Author Archives: orraj2

Week 4 – Mysterium Reflection

Last week we played what is now one of my new favorite games, Mysterium. Mysterium is essentially like clue with weird Freudian dream analysis. One person plays the ghost of a murdered person who leaves vague dreams to this team of investigators trying to solve the crime. Each person has to identify their own suspect and then if all suspects are identified, at the end of the game the team works together to find the true culprit. The hardest part about this game is trying to interpret the dreams delivered by the ghost. One person’s way of thinking about the dreams could be completely different from someone else’s. This game ties into leadership through the ghost trying to lead the team to the correct answer but isn’t able to use words. Leadership in the team itself also emerges as people argue and try to defend their interpretations to lead the team to the correct conclusion. My entire family would love this game because we are avid clue players and this game is a cool twist on a classic family game. We like the challenge of solving mysteries but each of us like to win. WIth this game, it is possible for everyone to win which satisfies us and doesn’t leave anyone as a sore loser. Unless of course, everyone loses.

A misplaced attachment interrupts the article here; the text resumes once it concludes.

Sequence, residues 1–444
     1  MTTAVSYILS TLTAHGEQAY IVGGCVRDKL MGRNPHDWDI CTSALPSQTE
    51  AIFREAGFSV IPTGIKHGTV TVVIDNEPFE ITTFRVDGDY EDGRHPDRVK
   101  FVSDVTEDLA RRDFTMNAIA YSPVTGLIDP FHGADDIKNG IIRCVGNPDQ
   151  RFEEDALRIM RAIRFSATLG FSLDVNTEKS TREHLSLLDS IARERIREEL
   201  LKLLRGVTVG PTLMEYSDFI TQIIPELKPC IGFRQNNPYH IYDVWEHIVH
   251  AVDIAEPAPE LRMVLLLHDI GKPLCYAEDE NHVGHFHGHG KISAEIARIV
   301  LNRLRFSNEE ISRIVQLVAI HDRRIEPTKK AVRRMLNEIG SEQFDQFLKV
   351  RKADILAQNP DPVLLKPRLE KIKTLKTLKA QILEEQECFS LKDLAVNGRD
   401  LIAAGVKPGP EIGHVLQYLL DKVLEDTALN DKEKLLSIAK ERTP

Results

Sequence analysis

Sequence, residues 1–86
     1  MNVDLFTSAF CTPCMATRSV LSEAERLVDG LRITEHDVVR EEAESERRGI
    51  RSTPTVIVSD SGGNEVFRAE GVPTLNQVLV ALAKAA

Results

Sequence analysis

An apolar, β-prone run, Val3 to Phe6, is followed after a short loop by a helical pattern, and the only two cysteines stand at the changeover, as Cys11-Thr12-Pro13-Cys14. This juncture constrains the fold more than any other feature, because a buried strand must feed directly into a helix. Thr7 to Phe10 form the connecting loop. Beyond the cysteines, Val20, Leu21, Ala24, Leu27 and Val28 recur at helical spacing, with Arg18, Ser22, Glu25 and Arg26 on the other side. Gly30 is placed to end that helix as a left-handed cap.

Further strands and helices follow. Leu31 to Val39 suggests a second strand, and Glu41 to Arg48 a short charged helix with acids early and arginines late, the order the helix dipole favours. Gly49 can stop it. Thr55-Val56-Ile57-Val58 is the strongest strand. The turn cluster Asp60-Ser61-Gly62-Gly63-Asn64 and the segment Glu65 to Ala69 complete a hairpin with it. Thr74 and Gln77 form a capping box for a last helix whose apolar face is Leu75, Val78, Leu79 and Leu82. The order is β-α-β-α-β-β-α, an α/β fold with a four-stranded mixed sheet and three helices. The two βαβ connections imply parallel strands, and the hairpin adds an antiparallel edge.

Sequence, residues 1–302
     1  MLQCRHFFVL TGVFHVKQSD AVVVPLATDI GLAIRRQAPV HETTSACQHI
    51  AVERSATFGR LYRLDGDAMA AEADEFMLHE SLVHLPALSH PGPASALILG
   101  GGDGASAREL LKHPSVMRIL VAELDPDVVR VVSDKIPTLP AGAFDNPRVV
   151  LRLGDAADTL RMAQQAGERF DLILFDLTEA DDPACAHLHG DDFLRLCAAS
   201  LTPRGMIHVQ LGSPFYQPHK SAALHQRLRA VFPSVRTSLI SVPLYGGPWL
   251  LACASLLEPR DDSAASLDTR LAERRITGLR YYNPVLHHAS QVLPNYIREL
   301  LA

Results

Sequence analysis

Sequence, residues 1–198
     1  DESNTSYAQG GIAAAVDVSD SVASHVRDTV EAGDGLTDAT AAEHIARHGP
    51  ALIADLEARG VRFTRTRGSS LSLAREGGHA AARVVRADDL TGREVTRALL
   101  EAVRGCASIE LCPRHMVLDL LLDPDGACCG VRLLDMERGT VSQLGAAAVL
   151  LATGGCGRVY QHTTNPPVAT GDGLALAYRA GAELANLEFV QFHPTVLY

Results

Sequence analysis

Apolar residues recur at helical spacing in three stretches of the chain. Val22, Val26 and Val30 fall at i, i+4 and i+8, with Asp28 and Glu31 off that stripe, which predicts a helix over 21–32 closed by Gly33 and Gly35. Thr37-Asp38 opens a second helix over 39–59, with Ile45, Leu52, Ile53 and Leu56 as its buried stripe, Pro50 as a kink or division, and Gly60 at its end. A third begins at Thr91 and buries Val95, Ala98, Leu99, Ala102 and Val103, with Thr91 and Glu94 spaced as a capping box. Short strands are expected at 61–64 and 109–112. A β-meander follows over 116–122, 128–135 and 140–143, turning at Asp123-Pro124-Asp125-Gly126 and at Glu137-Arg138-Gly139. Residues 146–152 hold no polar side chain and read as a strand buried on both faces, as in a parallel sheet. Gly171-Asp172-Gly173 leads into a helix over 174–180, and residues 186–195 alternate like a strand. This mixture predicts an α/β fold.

Week 1 – Avalon Reflection

For our very first class this semester we played Avalon! This secret identity game was played both in a vanilla version where there were simply the good guys (AKA Merlin’s and King Arthur’s homies) vs the bad guys (aka the minions of Mordred), as well as a more complex version with roles within the teams. The hardest part for me about this game was having to lie to the other players. I am absolutely awful at lying so that makes me really quite bad at these sorts of games. However I still had a fun time playing, especially the version with roles.

This game ties to leadership because depending on your role, you may have to lead your team in a certain direction even if you don’t know exactly who is on your team. Leadership is also seen through the movement of the game. Someone has to step up to call when the votes will take place and when the next person should start their turn.

My brother Bob would absolutely love this game because he likes messing with people’s heads. He likes having opportunities to confuse people’s thought processes and insert doubt into decisions. This is crucial for Avalon because the game revolves around being able to convince the rest of the players that you are good even if you are not.